According to the Centers for Disease Control and Prevention, chronic pain affects more U.S. adults than many common long-term conditions such as diabetes and depression. And throughout 2021, a report from the CDC found that over 20% of adults — roughly 51 million people — experienced chronic pain, with nearly 7% suffering from high-impact chronic pain.
A recent paper published in the journal PLOS One, though, suggests that exercise could help chronic pain patients manage their symptoms with the use of medications.
For the study, scientists analyzed over 10,000 Norwegian adults and discovered a positive association between regular participation in physical activity and a higher pain tolerance. Participants immersed their hands in cold water, and the researchers measured the duration they could withstand the ensuing pain. Then they each did it again, roughly eight years later.
The researchers observed that the individuals who reported engaging in light-to-vigorous physical activity across those eight years demonstrated greater pain tolerance than those who led sedentary lifestyles during that time. The team also noted that the more frequently a person exercised, the higher their overall pain endurance was.
These results hold potential significance for individuals suffering from chronic pain, as engaging in physical activity more often may serve as a non-pharmacological avenue to reduce or even prevent symptoms.
“Becoming or staying physically active over time can benefit your pain tolerance,” the authors said in a press release. “Whatever you do, the most important thing is that you do something!”
While exercise as a potential treatment for chronic pain has been investigated before, the recent study stands out as one of the largest to date. A 2017 review of data in the Cochrane Library found that physical activity has the potential to alleviate pain with minimal side effects, further supporting its therapeutic value.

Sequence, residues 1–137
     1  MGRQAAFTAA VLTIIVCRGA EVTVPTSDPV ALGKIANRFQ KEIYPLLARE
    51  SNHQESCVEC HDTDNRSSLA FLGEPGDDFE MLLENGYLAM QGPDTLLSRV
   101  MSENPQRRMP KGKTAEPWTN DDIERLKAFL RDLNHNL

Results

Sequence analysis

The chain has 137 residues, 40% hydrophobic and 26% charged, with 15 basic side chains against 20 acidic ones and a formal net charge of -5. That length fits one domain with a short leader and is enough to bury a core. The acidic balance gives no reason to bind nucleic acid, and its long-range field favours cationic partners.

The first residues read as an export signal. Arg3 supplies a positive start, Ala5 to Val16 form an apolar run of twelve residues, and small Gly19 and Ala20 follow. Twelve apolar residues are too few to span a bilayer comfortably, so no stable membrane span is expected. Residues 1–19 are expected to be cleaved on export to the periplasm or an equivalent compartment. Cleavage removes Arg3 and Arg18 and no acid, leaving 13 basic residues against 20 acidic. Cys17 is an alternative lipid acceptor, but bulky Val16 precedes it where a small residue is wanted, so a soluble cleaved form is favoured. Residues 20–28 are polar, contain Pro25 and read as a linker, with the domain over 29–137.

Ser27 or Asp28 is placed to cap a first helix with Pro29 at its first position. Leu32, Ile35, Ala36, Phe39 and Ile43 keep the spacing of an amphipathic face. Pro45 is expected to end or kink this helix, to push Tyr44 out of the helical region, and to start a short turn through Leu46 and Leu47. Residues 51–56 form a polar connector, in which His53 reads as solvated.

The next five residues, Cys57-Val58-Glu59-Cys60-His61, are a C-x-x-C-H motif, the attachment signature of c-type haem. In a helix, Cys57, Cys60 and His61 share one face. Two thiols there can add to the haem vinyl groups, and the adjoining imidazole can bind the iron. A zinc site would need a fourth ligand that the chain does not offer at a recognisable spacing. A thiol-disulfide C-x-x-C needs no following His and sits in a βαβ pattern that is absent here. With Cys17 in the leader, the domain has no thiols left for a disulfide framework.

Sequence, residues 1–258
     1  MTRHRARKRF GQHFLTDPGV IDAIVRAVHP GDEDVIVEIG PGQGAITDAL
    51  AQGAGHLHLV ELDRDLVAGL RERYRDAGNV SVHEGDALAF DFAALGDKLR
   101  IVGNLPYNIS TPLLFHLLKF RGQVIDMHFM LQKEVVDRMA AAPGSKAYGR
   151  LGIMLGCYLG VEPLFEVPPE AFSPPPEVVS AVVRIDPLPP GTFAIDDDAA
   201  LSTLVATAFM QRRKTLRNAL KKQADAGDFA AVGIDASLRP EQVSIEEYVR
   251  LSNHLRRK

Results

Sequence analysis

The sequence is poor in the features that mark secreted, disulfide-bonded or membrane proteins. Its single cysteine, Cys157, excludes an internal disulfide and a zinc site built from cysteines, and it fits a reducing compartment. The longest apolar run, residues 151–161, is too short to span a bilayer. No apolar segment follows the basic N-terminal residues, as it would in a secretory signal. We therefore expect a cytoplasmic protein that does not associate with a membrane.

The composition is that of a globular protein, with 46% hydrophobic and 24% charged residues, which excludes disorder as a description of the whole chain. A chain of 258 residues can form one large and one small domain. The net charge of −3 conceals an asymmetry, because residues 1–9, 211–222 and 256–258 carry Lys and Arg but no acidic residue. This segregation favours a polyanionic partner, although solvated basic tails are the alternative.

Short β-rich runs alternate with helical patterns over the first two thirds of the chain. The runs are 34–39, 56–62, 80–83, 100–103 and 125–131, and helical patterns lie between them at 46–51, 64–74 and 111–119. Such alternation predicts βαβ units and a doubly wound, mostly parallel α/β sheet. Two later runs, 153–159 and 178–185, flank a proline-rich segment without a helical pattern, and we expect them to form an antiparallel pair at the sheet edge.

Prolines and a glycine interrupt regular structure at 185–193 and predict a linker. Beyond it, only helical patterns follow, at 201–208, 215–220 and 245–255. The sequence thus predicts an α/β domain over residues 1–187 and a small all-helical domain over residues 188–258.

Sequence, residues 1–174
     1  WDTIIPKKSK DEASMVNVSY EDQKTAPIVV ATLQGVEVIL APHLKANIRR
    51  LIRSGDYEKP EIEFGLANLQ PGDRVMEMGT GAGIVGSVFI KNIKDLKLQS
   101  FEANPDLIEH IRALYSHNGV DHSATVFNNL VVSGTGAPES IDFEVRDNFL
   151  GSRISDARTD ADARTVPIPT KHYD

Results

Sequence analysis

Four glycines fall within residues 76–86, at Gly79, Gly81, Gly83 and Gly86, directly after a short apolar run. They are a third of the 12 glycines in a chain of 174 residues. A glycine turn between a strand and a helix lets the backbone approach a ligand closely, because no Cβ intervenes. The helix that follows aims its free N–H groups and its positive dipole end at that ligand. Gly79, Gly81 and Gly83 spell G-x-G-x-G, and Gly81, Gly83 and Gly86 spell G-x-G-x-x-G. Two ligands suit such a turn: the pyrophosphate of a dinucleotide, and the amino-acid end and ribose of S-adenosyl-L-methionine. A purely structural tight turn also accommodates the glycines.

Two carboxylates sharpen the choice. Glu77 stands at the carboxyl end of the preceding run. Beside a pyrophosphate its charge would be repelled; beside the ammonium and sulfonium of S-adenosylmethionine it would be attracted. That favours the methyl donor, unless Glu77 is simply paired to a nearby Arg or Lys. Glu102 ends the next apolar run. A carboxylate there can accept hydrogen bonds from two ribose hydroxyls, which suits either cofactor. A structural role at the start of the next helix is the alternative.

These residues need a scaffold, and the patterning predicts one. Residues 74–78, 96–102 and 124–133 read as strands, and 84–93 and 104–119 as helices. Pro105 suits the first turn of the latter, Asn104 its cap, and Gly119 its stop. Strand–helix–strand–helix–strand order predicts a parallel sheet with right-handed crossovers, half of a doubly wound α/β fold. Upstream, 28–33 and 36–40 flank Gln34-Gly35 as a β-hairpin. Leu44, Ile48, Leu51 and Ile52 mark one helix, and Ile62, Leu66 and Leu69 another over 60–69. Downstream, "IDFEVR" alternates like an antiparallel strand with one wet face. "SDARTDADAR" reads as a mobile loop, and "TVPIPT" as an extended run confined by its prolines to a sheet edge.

That said, though many people understand exercise is healthy, doing so with chronic pain can feel overwhelming.
In a 2019 New York Times article, experts encouraged individuals with chronic pain to begin with manageable increments of low-impact exercises such as walking, yoga, swimming, or tai chi to establish a routine. It’s also important to monitor pain levels and reduce intensity if discomfort gets worse within two hours after completing the activity, or explore alternative exercises that bring enjoyment and minimize pain.
“You don’t have to limit yourself to traditional exercise, like walking on a treadmill for a certain number of minutes or miles,” Kirsten Ambrose, the associate director of the Osteoarthritis Action Alliance at the University of North Carolina’s Thurston Arthritis Research Center, told the outlet. “You can count gardening or walking the dog. The goal is to increase the amount of time spent moving versus sitting.”